Nativitat - C. Maratta

There are two elements in the Christmas song we listened to last week, Mariä Wiegenlied, that can be understood as symbols of the crucifixion: the rose garden (with its thorns) and the bird. We can find similar details in many paintings that show the Madonna with the Child. The artist reminds us of what is ahead; a future that the mother is aware of in some way.

There is also a mother who fears what could happen to her son in the song of this week: she fears that he is a soldier and will die alone in war. Manuel de Falla composed the Oración de las madres que tienen a sus hijos en brazos [Prayer of mothers with their children in their arms] in 1914 in Madrid, shortly after returning from Paris. The verses are by María de la O Lejárraga, a writer linked to the feminist pacifist movement that aroused at the outbreak of war. Falla, Lejárraga, and her husband Gregorio Martnez Sierra had first met a few months ago and worked together on some projects over the years.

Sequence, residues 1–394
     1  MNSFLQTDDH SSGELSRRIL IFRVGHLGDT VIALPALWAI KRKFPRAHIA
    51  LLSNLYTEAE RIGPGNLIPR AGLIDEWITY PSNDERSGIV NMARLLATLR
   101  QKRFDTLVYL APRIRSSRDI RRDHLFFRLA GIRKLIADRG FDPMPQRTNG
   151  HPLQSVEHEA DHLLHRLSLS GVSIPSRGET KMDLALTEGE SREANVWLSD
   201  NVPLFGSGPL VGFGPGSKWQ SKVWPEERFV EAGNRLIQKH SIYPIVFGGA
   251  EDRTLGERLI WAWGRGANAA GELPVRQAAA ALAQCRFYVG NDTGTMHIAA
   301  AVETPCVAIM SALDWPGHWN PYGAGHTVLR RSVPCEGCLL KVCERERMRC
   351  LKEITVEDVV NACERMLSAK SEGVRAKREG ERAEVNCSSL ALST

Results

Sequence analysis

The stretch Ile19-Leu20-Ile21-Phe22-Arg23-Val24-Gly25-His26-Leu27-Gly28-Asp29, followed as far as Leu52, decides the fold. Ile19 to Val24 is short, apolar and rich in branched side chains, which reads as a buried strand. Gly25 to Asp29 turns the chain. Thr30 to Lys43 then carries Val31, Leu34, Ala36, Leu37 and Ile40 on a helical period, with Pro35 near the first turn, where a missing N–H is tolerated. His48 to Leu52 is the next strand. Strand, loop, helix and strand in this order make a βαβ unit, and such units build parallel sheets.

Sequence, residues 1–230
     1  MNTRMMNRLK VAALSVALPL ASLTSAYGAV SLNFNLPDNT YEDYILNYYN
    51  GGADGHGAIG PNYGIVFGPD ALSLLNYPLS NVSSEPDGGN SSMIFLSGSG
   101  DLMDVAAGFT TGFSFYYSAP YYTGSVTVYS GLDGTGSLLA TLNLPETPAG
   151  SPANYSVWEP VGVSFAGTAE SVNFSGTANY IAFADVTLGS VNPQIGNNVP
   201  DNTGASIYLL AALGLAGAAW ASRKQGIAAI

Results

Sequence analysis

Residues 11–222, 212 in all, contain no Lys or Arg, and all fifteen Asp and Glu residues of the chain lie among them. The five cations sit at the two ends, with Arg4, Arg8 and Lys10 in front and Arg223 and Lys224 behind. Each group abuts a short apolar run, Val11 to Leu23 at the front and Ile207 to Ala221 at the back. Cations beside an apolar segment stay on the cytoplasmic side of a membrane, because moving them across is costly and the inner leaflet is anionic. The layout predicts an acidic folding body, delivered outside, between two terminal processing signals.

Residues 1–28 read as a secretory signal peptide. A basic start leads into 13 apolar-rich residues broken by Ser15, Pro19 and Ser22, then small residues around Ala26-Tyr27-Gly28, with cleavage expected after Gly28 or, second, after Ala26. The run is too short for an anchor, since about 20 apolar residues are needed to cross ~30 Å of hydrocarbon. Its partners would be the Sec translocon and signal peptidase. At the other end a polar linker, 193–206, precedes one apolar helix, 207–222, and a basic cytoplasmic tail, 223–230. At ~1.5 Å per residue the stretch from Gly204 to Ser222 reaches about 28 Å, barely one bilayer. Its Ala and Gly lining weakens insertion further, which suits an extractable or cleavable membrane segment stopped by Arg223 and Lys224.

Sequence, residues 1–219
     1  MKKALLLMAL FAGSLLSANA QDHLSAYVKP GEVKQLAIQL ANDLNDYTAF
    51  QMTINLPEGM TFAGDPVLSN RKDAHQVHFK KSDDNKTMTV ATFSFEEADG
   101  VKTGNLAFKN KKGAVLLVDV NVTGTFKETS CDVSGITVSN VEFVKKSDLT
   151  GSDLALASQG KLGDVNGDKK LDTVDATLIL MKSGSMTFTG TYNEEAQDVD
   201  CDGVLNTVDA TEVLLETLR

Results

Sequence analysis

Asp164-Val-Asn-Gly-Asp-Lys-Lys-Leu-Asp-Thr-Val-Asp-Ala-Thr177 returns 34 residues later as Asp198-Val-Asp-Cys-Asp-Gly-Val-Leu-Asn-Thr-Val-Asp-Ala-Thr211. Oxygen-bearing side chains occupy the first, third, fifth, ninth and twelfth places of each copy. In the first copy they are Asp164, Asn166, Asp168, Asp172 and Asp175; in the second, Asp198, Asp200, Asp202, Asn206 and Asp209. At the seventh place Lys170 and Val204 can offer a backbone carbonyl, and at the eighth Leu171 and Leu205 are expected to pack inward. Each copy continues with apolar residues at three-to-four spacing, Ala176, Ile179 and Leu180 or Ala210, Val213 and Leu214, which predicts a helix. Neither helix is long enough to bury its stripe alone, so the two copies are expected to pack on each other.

The year is coming to an end, and it concludes, as it has done so many times, with the images of parents who cry for their children killed in the war. We can only hope that the New Year will bring us some hope and optimism. I leave you with this short, restrained and simple song, performed by Anna Tonna and Mac McClure.


Oración de las madres que tienen a sus hijos en brazos

¡Dulce Jesús, que estás dormido!
¡Por el santo pecho que te ha amamantado,
Te pido que este hijo mío no sea soldado!

Se lo llevarán, ¡y era carne mía!
Me lo matarán, ¡y era mi alegría!
Cuando esté muriendo, dirá:
"¡Madre mía!"
Y yo no sabré la hora ni el día.

Sweet Jesus, who are sleeping!
By the holy breast that suckled tyou,
I pray that my son don't become a soldier!

They will take him away, and he was of my flesh!
They will kill him, and he was all my joy!
While he's dying, he will say:
"My mother!"
And I won't know neither the time nor the day


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